American Cities Seek Young Creatives With Micro-Apartments
This summer we brought you word that New York City Mayor Michael Bloomberg was launching adAPT, a design competition aimed at bringing a whole lot of tiny apartments to the Big Apple. But as Architectural Record reports, this push toward living units of 300 square feet or less (or, micro-apartments) isn't just a New York thing. It's now a San Francisco, Berkeley, and Boston thing too. What gives?
Increasingly, cities are seeking ways to accommodate more people in the same amount of space. At the same time, many mayors are seeking to attract those particular types of people that tend have an outsized positive impact on the local economy, the sector of the workforce documented by Richard Florida in his 2003 bestseller The Rise of the Creative Class that can loosely be characterized as young creatives. Whether artists or web designers, software programmers or bloggers, those most amenable to moving are likely to be at the start of their careers, rather than the apex, and don't have the kind of cash required to land one of those pricey condos downtown. But they're not the type of folks content to commute from the 'burbs, either.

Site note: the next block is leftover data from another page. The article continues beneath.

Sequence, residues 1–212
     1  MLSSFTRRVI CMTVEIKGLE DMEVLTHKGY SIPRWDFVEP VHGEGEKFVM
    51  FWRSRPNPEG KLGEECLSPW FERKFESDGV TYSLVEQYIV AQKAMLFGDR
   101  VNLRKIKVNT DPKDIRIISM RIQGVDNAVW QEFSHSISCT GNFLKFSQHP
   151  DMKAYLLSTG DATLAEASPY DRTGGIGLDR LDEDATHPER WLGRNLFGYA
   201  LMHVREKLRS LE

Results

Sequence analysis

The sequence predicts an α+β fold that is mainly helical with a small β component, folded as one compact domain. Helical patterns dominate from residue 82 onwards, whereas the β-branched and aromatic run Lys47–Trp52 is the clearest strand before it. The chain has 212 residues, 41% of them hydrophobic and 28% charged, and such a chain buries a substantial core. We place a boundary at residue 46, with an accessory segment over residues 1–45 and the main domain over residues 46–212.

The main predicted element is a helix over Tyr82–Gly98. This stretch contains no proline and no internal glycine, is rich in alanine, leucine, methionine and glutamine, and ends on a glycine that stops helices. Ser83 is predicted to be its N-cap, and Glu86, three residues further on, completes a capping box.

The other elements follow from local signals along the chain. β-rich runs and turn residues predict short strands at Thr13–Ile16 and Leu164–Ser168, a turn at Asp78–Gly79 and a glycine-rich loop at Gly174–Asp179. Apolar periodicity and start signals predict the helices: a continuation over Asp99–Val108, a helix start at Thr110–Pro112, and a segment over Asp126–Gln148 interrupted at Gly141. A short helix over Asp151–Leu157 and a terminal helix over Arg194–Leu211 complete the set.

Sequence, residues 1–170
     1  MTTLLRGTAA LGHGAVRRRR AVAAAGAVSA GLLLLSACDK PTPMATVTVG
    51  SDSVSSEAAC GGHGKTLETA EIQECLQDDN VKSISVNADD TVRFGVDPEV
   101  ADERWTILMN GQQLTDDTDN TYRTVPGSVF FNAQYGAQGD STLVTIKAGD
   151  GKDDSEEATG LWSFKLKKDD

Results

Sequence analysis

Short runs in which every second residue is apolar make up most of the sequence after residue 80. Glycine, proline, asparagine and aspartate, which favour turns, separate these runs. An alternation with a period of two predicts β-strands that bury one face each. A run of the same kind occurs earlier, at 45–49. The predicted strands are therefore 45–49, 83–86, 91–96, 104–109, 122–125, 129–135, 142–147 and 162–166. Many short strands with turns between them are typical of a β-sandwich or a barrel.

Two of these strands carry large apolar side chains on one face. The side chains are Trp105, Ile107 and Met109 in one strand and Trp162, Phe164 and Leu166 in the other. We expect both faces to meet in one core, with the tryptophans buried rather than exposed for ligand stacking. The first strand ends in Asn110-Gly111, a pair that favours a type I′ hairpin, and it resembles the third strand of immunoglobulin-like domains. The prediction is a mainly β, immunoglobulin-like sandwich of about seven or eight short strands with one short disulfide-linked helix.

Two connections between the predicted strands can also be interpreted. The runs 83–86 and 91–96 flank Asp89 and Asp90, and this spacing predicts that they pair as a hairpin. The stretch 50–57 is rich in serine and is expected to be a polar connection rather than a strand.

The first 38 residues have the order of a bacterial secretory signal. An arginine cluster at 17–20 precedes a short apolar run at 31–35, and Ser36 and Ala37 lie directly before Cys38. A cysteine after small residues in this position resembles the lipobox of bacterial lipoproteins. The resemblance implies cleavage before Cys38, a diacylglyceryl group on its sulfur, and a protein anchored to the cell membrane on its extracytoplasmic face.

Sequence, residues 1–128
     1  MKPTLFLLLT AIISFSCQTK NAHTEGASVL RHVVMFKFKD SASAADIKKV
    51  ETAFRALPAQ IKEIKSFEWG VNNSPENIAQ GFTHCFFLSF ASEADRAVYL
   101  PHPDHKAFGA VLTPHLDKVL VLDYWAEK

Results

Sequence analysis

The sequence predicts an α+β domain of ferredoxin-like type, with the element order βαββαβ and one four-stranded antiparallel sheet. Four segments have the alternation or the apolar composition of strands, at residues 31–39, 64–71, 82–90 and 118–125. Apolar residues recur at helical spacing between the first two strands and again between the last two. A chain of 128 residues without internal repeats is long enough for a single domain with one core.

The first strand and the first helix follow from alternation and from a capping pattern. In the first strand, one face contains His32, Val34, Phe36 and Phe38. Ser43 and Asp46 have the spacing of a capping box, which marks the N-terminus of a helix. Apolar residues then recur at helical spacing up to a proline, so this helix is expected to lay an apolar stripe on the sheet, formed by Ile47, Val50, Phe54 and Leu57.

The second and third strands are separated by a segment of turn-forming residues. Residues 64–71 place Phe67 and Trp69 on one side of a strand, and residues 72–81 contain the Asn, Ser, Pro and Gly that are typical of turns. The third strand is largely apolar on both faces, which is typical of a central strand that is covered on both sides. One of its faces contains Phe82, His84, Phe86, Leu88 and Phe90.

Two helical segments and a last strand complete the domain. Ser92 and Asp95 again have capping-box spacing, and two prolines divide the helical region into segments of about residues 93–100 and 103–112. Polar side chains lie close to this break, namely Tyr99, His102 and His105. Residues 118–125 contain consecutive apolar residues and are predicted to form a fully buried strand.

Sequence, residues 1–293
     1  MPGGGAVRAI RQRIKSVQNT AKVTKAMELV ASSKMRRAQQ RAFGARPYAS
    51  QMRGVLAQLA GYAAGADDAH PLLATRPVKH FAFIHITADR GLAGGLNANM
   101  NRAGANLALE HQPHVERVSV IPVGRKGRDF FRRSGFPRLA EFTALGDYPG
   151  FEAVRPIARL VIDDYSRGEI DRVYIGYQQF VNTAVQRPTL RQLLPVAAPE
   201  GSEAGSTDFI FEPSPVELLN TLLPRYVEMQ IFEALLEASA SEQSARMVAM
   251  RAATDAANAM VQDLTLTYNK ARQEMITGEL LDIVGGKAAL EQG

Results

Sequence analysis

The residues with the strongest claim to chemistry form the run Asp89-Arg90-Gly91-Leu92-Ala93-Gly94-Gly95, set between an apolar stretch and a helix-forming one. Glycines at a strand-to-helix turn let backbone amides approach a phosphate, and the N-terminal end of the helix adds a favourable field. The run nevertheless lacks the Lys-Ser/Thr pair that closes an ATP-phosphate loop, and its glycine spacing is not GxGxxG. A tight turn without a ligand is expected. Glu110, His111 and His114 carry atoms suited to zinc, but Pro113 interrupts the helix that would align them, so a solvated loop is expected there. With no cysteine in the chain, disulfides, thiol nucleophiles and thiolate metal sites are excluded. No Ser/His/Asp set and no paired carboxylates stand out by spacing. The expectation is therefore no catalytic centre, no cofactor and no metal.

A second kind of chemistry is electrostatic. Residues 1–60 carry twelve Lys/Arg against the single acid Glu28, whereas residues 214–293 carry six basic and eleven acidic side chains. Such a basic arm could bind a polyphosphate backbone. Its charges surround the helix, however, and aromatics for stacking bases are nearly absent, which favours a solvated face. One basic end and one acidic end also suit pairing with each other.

The micro-apartment is, essentially, a way to create affordable housing in those bustling city centers preferred by young creatives — those who, as writer Fred A. Bernstein puts it, are willing to trade "bed width" for "bandwidth."
Toward that end, San Francisco's supervisor Scott Wiener has introduced a proposal that would reduce the city's minimum apartment size from 290 to 220 square feet. The proposal is expected to come up for a vote this month, and if enacted would pertain only to new construction, so landlords don't take the hatchet to existing apartments in the interests in pulling in a little more cash.
Just over the bridge in Berkeley, Patrick Kennedy with the developer Panoramic Interests has created a 160-square-foot prototype apartment in a Berkeley warehouse. In San Francisco's SoMa (South of Market Street) neighborhood, the same company is working on developing twenty-three 300-square-foot units, prefabricated in a factory in Sacramento. (The development is expected to be ready in time for Panoramic to show it off at San Francisco's Greenbuild convention this November.) The company has its eye on several other markets, including Washington, D.C., Chicago, Santa Monica, Calif., and Portland, Ore.
Micro-apartments are also in the works for In Boston's Seaport Square neighborhood, which Mayor Thomas Menino envisions as an "innovation district." Portland-based developer Gerding Edlen, with the support of the mayor, currently has a project in the works that will convert a former warehouse in the area into 27 apartments ranging in size from 400-500 square feet — small, if not actually micro. The living spaces here — which are being marketing as "innovation units" — might be small, but the building itself will come equipped with meeting and office facilities aimed at helping young creatives housed in the development launch and build new businesses.